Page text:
The Occupational Attainment of American Jewry: 1990 to 2000
AbstractThis paper compares the occupational distributions in 1990 and 2000 of adult white men and women for American Jews and non-Jews, after adjusting for the changes in occupational classifications. The data are from the microdata files from the National Jewish Population Surveys (1990, 2000/01) and the 1990 and 2000 Censuses of Population. Among both men and women, American Jews had a greater proportion in the high level occupations (managerial and professional) in 1990, and the difference increased over the next decade. Among Jews and among non-Jews, there were only small gender differences in the proportions in the high level occupations. Thus, religion was more important than gender in explaining occupational patterns. American Jews of both genders experienced a continued decline in self-employment over the decade, and a continued shift among those in managerial and professional jobs away from self employment and toward being salaried workers.
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Bibliographic InfoPaper provided by Institute for the Study of Labor (IZA) in its series IZA Discussion Papers with number 1736.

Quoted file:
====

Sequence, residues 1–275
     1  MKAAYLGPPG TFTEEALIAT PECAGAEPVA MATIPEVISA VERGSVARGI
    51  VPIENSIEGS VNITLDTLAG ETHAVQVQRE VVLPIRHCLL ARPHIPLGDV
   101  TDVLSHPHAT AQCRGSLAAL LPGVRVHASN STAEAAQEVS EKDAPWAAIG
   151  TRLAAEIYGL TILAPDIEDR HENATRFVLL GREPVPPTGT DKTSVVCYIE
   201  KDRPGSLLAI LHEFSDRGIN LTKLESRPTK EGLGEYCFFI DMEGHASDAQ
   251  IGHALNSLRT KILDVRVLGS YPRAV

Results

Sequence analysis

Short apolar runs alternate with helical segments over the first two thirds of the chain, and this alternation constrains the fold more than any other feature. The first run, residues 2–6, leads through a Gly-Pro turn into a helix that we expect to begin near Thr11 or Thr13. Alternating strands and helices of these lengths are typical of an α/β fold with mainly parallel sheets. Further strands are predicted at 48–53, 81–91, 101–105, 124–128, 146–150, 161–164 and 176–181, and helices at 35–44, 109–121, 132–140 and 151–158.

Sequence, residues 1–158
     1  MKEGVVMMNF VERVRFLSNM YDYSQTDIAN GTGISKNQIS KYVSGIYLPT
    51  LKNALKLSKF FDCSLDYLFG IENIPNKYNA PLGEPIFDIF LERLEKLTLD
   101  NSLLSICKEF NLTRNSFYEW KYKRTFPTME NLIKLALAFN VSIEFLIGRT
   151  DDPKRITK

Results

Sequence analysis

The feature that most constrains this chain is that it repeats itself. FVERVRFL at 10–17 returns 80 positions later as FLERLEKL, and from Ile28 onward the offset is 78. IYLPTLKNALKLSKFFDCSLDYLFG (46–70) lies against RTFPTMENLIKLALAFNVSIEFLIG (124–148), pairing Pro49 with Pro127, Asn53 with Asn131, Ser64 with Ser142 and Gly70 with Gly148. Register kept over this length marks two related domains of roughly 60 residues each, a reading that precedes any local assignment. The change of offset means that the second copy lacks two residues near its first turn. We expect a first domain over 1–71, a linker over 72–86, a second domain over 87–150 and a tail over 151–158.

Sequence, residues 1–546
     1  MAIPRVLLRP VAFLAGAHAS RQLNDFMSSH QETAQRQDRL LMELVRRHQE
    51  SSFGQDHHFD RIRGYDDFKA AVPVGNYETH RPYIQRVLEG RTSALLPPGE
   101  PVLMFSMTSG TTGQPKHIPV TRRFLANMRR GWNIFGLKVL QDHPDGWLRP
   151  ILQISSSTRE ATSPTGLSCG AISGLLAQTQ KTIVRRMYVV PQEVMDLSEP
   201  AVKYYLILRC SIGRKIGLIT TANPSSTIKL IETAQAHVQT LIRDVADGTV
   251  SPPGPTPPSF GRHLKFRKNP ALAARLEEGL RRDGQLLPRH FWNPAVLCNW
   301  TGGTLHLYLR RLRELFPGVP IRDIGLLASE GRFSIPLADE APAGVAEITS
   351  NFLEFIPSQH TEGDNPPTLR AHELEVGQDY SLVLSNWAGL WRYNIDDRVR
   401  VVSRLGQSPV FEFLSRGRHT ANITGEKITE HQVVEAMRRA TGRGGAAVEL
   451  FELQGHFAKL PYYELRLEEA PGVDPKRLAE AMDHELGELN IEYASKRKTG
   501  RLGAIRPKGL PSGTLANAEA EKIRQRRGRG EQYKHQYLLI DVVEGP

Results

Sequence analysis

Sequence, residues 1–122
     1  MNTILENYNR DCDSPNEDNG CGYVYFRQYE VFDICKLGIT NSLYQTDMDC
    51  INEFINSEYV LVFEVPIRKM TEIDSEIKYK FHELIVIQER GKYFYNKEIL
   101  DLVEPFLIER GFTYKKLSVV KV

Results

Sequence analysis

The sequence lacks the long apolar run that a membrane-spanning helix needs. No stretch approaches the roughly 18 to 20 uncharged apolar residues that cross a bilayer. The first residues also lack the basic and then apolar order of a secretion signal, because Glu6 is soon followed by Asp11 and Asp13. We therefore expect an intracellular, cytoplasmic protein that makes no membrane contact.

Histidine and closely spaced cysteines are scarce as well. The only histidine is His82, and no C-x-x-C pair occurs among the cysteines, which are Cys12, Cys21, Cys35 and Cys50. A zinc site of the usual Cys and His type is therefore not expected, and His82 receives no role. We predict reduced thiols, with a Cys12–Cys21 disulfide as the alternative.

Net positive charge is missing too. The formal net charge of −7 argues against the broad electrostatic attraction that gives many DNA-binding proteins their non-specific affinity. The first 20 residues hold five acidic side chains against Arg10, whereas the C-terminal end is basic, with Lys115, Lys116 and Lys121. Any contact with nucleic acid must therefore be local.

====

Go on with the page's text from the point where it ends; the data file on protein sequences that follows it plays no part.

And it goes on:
Length: 32 pages
Date of creation: Sep 2005
Date of revision:
Publication status: published in: Contemporary Jewry, 2007, 27 (1), 80-111
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Find related papers by JEL classification:
- J15 - Labor and Demographic Economics - - Demographic Economics - - - Economics of Minorities, Races, and Immigrants; Non-labor Discrimination
- J16 - Labor and Demographic Economics - - Demographic Economics - - - Economics of Gender; Non-labor Discrimination
- J22 - Labor and Demographic Economics - - Demand and Supply of Labor - - - Time Allocation and Labor Supply
- Z1 - Other Special Topics - - Cultural Economics
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Please report citation or reference errors to , or , if you are the registered author of the cited work, log in to your RePEc Author Service profile, click on "citations" and make appropriate adjustments.:
- Chiswick, Barry R, 1986. "Labor Supply and Investment in Child Quality: A Study of Jewish and Non-Jewish Women," The Review of Economics and Statistics, MIT Press, vol. 68(4), pages 700-703, November.
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